Attacks in Paris: France’s 9/11

14 November 2015 3:32 pm

Months after the deadly Islamic State and al-Qaida-inspired attacks on the satirical magazine Charlie Hebdo, which left 17 people dead in Paris in January, the world today is in a state of shock with the news that at least 140 people were killed in east central Paris near its national stadium Stade de France in seven nearly simultaneous attacks.

About 100 victims were killed at the Bataclan Theatre when three alleged gunmen shot at them while keeping the crowd hostage. They were said to be killing them one by one. French police launched a rapid rescue assault on the hall. They found a horifying scene of carnage with 118 dead. Two terrorists were killed in the assault. One of the gunmen apparently shouted Allah Akbar before he died.

According to Agence France-Presse, this is the latest in a string of incidents in France this year with suspected links to radical Islam. Others include the three soldiers guarding a Jewish community centre in Nice on the French Riviera who were attacked by a knife-wielding man, the four young men aged 16 to 23, including a former soldier, who were arrested on charges of planning an attack on a military camp to behead an officer in the name of jihad, Yassin Salhi, 35, who killed and beheaded his boss Herve Cornara and displayed the severed head on the fence of a gas plant surrounded by Islamic flags, and finally, the two off-duty US servicemen and a friend who prevented a bloodbath on a high-speed Thalys train from Amsterdam to Paris when they tackled a man who opened fire on passengers. The gunman was identified as 25-year-old Moroccan national Ayoub El Khazzani, known to intelligence services for links to radical Islam.

There has been no claim of responsibility as yet and officials do not know who is responsible but several analysts are postulating that this is al-Qaeda, due to highly coordinated nature of attacks. But there are also news reports that several ISIS supporters celebrated the horror attacks attacks using the sick hashtag 'ParisIsBurning'. One said: "God is great and thank God for these lone wolf attacks. At least 100 hostages and countless wounded." His tweet was sent from the Kuwait port of Mina Abdulla, according to Twitter's location settings. Another added: "Oh God, burn Paris as you burned the Muslims in Mali, Africa, Iraq, Syria, and Palestine." Some fans even boasted London, Rome and Washington DC would hit by the next horror attacks.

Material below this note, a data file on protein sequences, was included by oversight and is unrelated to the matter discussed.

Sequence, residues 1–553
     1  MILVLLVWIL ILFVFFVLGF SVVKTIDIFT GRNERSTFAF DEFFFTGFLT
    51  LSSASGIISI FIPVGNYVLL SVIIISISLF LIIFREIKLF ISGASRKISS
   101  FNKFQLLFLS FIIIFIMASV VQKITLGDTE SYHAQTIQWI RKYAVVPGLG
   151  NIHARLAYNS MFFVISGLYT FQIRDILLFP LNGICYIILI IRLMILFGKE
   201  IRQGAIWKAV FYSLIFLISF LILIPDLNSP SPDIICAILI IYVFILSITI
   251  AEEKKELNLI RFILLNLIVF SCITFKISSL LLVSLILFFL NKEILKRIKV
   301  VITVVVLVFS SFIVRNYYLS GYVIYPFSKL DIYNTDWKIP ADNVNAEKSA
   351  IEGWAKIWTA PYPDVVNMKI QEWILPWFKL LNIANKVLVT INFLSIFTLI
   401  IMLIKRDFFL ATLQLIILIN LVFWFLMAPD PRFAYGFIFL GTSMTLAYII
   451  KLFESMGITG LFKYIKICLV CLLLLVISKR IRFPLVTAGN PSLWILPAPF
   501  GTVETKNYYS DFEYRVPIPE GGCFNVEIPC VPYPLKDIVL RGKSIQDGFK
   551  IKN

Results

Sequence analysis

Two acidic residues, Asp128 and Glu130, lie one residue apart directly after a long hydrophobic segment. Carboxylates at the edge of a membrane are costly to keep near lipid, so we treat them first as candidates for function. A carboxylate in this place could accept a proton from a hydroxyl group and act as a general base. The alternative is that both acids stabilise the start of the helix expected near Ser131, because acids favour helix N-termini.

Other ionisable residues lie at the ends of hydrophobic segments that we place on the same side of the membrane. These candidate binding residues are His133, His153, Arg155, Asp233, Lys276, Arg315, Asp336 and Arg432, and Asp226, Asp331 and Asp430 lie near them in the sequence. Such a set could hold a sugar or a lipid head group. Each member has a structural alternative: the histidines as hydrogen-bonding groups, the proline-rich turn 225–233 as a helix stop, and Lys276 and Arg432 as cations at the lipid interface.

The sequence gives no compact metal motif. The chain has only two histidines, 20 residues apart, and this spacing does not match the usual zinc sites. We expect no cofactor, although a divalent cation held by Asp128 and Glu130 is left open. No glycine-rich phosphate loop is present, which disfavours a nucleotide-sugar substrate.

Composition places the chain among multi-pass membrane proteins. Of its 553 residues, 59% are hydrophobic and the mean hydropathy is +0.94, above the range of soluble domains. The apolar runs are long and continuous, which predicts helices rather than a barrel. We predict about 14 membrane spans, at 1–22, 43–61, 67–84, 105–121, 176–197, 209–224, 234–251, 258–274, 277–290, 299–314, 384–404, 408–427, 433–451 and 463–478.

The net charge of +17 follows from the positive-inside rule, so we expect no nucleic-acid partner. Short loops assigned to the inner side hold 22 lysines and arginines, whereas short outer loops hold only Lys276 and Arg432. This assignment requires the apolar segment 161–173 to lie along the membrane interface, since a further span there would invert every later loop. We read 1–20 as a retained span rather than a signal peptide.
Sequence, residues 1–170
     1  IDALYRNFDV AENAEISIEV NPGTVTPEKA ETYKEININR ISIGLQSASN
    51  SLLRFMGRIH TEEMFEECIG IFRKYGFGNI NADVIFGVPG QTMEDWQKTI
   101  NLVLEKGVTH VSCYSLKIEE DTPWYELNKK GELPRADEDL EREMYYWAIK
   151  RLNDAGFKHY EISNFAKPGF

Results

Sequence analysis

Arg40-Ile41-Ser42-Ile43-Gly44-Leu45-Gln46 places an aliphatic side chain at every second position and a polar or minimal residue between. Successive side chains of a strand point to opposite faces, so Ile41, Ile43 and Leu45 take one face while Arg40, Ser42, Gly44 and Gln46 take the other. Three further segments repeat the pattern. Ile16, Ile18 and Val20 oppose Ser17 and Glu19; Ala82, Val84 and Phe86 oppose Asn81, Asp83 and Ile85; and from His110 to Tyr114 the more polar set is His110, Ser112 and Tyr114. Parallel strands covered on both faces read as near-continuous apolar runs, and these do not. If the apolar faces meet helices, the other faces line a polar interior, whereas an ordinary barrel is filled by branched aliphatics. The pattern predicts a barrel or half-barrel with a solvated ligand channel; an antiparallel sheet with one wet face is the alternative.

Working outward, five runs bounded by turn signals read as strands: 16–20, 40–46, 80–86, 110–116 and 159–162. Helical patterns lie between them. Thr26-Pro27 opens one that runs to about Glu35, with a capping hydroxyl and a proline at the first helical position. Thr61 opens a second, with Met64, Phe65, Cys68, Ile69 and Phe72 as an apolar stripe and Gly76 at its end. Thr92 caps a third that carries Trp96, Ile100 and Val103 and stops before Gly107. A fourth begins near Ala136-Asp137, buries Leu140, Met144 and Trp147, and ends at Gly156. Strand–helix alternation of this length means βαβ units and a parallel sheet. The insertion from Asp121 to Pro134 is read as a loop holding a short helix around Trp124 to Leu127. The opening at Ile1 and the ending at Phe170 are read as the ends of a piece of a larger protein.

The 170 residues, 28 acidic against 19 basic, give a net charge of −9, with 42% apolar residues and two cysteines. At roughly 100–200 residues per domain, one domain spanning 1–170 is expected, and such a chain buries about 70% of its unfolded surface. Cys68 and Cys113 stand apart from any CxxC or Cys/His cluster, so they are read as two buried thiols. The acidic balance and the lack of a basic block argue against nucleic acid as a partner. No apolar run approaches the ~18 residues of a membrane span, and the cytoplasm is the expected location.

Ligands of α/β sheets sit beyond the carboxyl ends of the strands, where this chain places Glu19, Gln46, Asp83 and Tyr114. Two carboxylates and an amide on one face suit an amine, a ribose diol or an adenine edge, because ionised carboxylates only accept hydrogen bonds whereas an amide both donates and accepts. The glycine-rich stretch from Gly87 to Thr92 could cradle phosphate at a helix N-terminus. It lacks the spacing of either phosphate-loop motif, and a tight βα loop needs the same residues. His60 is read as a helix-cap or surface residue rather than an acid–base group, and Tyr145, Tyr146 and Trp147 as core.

This is France’s 9/11 but it’s more profound than what happened in America.

Consider this: France has lost more people to radical Islam than any other country. According to the French Senate, nearly half of European jihadists known to have travelled to territory held by the extremist Islamic State group are French. Just over 1,430 French people have made their way to Iraq and Syria, representing 47 percent of jihadists from Europe that are known and accounted for.

A report by the King’s College’s International Centre for the Study of Radicalisation and Political Violence France is only just behind countries like Tunisia and Saudi Arabia as the source for foreign fighters for Islamic state.

France’s 9/11 will create more soul searching in a country unable to prevent considerable numbers of the country’s 4.7m-strong Muslim community, or about 7.5 per cent of the population, from veering towards violent radicalism and jihad.

These are disaffected young men and women from a disadvantaged community frequently discriminated against in education, employment and housing. Muslims in France will now increasingly fear being associated with fanaticism and terror. We can expect populist, far-right groups to fuel more hatred.

Let’s be clear about one thing: terrorism has no religion. We remember the huge popular street demonstration, the largest since Paris was liberated in 1944, that was organised after terrorists targeted Charlie Hebdo and then a kosher shop, killing journalists, policemen and Jews. That demonstration showed a country, and world, united against extremists.

The French government will have to take steps to prevent the kind of social dislocation and alienation that those who orchestrated this latest atrocity are no doubt trying to provoke.

For the rest of us, what we are seeing now in France is a reminder of the realities of the 9/11 shockwaves still being felt around the world.